Vocational training comprising of apprenticeship in companies starts at 16 in Switzerland.

TODAY’s job market is highly competitive and feedback from employers tend to show that the potential workforce being produced by the higher education sector are incapable of totally filling up the available vacancies.

If this is true, why is it so and how can graduates be ensured of gaining employment after completing studies at the university or other types of institutions of higher education?

Technology and knowledge today develops at Internet speed so it is not uncommon for things that are learned during the course of a programme to become obsolete once students have graduated from the university, requiring them to be trained yet again by the employers upon joining the workforce.

Faced with this kind of situation, it is best that the education sector and the industry work together closely to produce the workforce required — starting from a pre-university stage, said Swiss Federal Institute for Vocational Education and Training (SFIVET) Board chairman Dr Philippe Gnaegi.

“We have a very long tradition in Switzerland where 70 per cent of students in the upper secondary education system follow vocational training. This starts at 16 where they spend 3.5 days of the week working at companies — large and small — from various industries and 1.5 days at school. The arrangement has worked well and we have a very low unemployment rate — less than three per cent,” he said.

He was facilitating a roundtable discussion on “Is it an institution’s responsibility to build industry relationships?” at the recent BETT Asia 2017 held in Kuala Lumpur.

SFIVET is Switzerland’s expert organisation for vocational education and training. It provides basic and continuous training to VET professionals, conducts VET research, contributes to the development and continuous updating of training plans for specific occupations and supports international cooperation in vocational education and training.

Elaborating further on the Swiss vocational education system, Gnaegi said the students undergoing apprenticeship are paid for the work done at the companies. Employers, on the other hand, have a talent pipeline of skilled professionals who will be potentially transitioned in to the labour market.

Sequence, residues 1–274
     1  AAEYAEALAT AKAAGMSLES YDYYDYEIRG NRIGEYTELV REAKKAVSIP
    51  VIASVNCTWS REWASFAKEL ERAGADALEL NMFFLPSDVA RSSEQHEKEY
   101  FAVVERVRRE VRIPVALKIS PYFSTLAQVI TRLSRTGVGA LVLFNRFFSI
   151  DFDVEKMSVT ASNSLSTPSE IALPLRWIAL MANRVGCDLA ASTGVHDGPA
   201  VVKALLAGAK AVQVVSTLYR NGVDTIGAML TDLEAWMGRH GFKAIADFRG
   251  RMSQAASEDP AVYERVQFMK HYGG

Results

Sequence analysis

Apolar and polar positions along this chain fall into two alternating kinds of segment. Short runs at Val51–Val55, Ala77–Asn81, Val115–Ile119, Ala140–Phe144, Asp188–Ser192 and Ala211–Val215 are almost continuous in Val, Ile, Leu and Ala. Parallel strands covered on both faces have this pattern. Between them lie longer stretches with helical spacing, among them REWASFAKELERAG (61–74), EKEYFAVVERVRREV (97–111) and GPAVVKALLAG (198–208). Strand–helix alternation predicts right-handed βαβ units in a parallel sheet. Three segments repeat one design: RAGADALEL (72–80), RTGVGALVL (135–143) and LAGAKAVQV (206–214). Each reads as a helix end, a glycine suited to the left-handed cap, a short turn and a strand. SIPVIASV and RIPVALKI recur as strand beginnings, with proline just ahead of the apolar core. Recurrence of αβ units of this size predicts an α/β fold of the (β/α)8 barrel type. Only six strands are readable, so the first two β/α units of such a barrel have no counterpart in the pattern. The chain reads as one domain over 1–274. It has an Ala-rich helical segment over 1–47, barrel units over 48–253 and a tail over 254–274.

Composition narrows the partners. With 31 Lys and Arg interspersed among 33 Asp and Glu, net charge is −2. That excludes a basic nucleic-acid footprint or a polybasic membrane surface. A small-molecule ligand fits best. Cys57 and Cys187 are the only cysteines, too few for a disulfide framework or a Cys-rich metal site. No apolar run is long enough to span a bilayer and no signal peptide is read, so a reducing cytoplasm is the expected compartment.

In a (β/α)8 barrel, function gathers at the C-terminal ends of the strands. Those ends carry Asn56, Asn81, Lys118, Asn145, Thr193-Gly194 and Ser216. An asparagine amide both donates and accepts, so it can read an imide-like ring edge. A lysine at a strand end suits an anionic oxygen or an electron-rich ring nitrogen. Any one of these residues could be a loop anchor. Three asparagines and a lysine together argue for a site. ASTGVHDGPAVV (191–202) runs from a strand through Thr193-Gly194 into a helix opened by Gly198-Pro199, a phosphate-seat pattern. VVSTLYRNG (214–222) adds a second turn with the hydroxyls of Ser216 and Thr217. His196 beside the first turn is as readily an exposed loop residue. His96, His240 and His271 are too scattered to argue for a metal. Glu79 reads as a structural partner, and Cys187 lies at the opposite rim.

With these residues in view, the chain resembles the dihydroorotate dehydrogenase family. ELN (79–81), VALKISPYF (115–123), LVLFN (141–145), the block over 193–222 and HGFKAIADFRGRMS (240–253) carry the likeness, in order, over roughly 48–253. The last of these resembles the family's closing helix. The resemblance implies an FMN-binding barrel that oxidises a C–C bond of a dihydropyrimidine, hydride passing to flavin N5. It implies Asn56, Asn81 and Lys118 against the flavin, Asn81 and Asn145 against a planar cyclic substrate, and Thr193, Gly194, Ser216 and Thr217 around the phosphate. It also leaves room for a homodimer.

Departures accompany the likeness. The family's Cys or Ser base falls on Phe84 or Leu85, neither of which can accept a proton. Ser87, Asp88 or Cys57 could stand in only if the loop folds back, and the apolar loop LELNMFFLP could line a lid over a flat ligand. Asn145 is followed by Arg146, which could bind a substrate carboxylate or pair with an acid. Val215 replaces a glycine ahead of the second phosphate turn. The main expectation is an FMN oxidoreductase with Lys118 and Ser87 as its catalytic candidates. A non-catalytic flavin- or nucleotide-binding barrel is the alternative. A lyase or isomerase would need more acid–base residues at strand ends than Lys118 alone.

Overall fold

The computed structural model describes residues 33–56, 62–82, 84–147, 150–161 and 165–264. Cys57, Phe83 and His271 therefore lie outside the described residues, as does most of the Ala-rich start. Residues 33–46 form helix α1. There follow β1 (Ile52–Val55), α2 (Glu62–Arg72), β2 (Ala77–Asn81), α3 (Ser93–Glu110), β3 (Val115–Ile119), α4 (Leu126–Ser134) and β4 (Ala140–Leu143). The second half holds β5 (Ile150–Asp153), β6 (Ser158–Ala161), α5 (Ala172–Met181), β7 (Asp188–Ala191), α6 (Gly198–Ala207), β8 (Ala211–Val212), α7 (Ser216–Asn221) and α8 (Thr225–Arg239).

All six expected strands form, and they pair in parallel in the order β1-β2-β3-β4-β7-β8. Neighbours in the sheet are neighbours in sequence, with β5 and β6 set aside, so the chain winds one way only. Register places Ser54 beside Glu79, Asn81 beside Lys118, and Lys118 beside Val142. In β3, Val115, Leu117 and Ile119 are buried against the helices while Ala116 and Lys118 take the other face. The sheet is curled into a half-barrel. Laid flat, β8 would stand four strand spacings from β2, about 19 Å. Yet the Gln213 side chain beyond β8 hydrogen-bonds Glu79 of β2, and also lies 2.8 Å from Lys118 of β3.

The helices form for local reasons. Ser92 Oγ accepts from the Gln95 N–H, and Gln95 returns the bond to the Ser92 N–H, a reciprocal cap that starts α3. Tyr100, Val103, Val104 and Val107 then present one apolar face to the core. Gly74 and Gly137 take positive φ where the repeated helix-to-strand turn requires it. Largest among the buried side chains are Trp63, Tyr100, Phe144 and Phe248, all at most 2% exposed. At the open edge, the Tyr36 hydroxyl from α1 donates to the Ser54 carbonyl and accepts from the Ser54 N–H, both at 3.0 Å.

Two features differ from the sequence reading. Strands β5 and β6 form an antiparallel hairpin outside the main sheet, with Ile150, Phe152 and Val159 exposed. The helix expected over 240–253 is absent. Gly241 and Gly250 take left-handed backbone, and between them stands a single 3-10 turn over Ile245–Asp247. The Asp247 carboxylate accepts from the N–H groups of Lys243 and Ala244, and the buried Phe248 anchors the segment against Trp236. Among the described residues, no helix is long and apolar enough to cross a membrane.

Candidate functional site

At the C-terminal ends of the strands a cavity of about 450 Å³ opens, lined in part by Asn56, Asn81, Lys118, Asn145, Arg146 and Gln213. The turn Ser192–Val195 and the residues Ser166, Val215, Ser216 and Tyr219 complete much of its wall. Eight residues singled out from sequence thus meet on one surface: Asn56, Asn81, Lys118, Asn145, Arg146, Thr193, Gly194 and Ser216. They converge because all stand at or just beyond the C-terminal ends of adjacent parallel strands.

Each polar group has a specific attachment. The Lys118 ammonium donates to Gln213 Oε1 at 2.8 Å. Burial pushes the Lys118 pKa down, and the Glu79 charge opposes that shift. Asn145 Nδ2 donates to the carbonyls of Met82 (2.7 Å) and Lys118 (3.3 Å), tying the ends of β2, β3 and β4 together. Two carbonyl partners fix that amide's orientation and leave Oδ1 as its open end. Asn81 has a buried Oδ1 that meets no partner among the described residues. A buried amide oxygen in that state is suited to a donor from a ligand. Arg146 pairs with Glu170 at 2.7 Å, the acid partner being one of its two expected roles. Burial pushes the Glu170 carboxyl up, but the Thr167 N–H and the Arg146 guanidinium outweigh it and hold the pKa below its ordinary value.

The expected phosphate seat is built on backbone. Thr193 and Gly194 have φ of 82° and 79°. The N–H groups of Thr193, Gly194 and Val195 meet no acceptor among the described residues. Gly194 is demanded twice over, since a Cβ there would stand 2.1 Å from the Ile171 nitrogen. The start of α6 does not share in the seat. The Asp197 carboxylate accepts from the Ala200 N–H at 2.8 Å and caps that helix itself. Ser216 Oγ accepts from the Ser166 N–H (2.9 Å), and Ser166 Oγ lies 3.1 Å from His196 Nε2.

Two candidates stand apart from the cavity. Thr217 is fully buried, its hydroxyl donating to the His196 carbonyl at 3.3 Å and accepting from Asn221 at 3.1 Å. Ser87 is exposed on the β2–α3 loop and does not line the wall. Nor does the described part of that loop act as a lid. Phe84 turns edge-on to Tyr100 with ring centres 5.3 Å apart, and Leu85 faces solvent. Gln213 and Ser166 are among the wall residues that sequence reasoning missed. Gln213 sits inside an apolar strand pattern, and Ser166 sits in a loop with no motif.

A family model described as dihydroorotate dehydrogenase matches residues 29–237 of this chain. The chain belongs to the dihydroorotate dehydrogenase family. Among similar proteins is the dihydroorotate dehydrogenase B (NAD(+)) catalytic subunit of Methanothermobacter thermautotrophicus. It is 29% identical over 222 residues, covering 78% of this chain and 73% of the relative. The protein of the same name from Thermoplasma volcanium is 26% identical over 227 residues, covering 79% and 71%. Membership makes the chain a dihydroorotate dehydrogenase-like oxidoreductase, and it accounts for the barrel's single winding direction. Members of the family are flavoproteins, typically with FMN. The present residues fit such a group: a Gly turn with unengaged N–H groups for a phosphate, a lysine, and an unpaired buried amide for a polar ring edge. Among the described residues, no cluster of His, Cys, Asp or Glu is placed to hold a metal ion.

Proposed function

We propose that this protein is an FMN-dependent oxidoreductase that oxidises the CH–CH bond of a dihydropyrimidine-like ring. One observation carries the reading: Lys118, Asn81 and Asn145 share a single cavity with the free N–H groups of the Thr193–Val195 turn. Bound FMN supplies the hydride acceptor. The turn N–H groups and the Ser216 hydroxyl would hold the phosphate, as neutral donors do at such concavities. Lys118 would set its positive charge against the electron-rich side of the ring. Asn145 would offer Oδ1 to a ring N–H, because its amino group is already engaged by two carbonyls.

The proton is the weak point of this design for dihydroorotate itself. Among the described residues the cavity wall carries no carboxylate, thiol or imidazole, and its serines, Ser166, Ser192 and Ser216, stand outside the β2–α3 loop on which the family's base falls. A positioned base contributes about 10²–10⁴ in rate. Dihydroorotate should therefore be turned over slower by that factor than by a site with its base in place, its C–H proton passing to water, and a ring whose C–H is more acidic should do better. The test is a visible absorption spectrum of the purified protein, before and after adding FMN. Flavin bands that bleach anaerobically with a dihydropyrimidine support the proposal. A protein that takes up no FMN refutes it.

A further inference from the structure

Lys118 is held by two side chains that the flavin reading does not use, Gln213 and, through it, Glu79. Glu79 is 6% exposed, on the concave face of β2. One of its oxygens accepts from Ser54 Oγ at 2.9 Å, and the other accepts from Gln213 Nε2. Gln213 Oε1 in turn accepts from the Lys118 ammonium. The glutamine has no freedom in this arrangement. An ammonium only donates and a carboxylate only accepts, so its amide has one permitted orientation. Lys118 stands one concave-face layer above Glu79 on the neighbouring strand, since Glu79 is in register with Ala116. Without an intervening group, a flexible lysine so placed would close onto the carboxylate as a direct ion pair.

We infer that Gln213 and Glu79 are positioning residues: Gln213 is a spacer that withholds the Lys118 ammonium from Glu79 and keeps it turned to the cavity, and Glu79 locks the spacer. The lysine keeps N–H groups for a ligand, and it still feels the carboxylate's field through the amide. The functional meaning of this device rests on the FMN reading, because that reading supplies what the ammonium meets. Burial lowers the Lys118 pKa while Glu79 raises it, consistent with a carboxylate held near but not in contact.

“The apprenticeship lasts for three to four years where students are assessed both by the state — for the education part — and also from the private sector. Students have to get two sets of assessment to continue their studies. However, they would move on to our professional universities, not academic-based ones,” he said.

“We think that not everybody has to go to academic universities as it depends on their inclination. In most countries, the very intelligent students go to academic universities. We don’t practice that and don’t believe in discrimination. Very intelligent children are also in the vocational stream,” he said.

Gnaegi remarked that both systems have a curricula and national qualification designed by the social partners comprising state associations, companies and training organisations, and the state invests substantially in research, evaluation and quality control.

“The industry and the state often meet to examine the effectiveness of the vocational education system and solve any problems should they arise. The challenge for SFIVET is to get more companies to buy-in into the programme and match the needs of the labour market, both in terms of professional qualifications and the number of jobs available,” he said.

Malaysia Higher Education Minister Datuk Seri Idris Jusoh, who attended the discussion, said that he was impressed with the Swiss vocational education system, how it works and intends to take a closer look.

“Of course, not everything is applicable here in our country. But the close ties and relationship between the industry and education system is commendable in terms of facilitating graduate employment. We are one in this aim — the public and private sectors — and therefore, must work together,” he said.

The roundtable facilitated by Gnaegi was one of three held, targeted at government and C-suite leaders of education institutions from around the region under the general topic of “Industry holds the key: A look into how greater collaboration between higher education and vocational institutions and companies could unlock the secret to graduate

employment.”

The session was co-chaired by Idris and Microsoft Malaysia managing director K. Raman.

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